The nature and timing of the next influenza pandemic is unknown. This makes it difficult for policy makers to assess whether spending money now to prepare for mass immunisation in the event of a pandemic is worthwhile. We used simple epidemiological modelling and health economic analysis to identify the range of pandemic and policy scenarios under which plans to immunise the general UK population would have net benefit if a stockpiled vaccine or, alternatively, a responsively purchased vaccine were used. Each scenario we studied comprised a combination of pandemic, vaccine and immunisation programme characteristics in presence or absence of access to effective antivirals, with the chance of there being a pandemic each year fixed. Monetarised health benefits and cost savings from any influenza cases averted were set against the option, purchase, storage, distribution, administration, and disposal costs relevant for each scenario to give a discounted net present value over 10 years for planning to immunise, accounting for the possibility that there may be no pandemic over the period considered. To support understanding and exploration of model output, an interactive visualisation tool was devised and made available online. We evaluated over 29 million combinations of pandemic and policy characteristics. Preparedness plans incorporating mass immunisation show positive net present value for a wide range of scenarios, predominantly in the absence of effective antivirals. Plans based on the responsive purchase of vaccine have wider benefit than plans reliant on the purchase and maintenance of a stockpile if immunisation can start without extensive delays. This finding is not dependent on responsively purchased vaccine being more effective than stockpiled vaccine, but rather is driven by avoiding the costs of storing and replenishing a stockpile.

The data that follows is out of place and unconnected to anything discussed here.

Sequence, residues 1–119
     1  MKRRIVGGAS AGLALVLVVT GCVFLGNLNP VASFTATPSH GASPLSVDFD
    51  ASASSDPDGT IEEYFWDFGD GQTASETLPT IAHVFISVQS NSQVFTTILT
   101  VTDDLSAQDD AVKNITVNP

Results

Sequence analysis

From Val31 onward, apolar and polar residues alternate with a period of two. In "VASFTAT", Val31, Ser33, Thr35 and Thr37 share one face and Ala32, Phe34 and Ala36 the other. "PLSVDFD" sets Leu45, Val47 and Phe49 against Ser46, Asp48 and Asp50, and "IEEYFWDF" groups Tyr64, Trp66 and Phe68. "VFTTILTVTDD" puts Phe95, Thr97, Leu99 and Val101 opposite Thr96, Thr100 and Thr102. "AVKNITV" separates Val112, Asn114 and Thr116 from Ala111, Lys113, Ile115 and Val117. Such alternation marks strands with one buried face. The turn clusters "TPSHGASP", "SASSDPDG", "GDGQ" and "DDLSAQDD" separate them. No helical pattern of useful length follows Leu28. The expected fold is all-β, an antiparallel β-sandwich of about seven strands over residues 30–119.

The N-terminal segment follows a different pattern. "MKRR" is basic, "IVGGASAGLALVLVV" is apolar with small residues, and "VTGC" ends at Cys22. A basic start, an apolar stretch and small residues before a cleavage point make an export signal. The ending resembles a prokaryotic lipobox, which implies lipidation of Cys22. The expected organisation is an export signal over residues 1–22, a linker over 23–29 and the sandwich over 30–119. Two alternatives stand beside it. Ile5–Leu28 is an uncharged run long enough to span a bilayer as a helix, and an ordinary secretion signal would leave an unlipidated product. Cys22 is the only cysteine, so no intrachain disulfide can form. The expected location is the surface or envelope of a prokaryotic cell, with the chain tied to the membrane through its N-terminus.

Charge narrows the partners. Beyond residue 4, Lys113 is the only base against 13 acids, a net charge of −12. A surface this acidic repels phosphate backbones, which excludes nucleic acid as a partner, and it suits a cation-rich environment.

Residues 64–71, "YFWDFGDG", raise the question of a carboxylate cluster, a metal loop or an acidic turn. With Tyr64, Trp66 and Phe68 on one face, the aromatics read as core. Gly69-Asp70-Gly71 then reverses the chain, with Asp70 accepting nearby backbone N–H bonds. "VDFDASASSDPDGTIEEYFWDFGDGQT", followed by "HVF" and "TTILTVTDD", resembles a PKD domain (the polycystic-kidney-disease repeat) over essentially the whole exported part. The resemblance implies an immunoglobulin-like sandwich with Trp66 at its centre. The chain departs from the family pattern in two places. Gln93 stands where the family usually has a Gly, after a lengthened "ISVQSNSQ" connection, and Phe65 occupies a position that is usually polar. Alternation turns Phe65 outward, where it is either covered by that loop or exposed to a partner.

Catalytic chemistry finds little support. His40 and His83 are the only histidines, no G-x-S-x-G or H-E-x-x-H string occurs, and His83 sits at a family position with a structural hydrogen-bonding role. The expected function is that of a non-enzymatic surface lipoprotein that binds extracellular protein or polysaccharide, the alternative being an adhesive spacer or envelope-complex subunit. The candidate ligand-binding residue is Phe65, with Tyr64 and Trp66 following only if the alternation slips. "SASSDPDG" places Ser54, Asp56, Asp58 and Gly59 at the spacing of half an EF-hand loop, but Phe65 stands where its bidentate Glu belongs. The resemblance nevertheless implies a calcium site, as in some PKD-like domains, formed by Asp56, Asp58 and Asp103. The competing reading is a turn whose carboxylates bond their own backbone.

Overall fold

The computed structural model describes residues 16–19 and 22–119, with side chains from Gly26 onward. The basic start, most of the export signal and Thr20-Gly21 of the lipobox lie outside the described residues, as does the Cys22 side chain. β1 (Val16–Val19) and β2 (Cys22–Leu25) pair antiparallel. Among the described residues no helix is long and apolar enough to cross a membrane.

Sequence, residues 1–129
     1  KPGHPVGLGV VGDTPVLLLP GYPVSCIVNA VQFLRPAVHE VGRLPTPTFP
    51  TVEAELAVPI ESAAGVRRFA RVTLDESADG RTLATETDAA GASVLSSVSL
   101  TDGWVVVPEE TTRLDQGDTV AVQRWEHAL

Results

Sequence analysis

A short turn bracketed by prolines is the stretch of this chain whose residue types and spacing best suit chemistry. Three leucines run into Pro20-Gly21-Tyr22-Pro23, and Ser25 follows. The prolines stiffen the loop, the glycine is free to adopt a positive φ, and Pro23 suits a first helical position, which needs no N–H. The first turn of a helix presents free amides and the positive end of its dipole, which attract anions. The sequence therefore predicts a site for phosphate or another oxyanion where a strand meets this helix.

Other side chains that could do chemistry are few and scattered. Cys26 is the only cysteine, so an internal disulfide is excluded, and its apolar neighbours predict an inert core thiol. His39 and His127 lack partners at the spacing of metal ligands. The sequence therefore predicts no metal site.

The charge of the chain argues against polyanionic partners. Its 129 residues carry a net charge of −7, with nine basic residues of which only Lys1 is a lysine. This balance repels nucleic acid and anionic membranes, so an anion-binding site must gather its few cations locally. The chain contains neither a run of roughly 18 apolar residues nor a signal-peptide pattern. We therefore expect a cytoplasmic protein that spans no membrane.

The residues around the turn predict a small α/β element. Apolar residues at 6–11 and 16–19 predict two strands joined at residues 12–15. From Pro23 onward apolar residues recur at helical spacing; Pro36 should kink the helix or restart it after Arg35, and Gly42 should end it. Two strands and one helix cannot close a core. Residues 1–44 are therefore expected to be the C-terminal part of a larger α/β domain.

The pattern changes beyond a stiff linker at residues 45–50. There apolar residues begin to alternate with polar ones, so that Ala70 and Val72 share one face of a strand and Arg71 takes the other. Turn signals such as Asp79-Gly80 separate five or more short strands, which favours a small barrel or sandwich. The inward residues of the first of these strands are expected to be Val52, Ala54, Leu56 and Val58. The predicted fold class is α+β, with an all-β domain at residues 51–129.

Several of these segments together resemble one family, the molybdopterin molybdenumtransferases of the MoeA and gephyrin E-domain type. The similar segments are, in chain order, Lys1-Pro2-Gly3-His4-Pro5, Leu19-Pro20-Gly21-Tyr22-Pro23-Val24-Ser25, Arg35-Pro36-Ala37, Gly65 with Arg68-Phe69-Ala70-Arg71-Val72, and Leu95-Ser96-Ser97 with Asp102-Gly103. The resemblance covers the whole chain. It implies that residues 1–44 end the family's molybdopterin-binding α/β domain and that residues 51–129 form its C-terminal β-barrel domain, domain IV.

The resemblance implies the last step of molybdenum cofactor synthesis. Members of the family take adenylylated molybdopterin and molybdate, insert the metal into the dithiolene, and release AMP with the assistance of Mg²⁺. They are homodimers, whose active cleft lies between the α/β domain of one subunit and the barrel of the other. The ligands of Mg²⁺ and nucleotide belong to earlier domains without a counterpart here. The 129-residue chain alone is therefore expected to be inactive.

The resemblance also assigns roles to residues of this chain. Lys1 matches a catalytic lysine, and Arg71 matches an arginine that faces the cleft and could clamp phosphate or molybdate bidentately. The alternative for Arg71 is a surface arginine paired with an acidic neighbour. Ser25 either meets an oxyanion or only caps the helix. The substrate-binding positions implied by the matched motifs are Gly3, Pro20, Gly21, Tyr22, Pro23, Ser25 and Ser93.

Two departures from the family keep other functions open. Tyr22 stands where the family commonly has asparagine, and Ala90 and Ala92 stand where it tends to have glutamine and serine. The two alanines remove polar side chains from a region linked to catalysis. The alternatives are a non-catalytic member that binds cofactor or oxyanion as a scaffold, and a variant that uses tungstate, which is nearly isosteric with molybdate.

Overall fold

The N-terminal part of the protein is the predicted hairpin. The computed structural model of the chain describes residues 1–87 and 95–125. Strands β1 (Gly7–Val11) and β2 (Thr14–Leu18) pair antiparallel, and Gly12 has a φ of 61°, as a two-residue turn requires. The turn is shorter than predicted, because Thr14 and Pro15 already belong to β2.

Keywords: Epidemiological modelling; Health economic analysis; Influenza pandemic; Mass immunisation; Preparedness policy.
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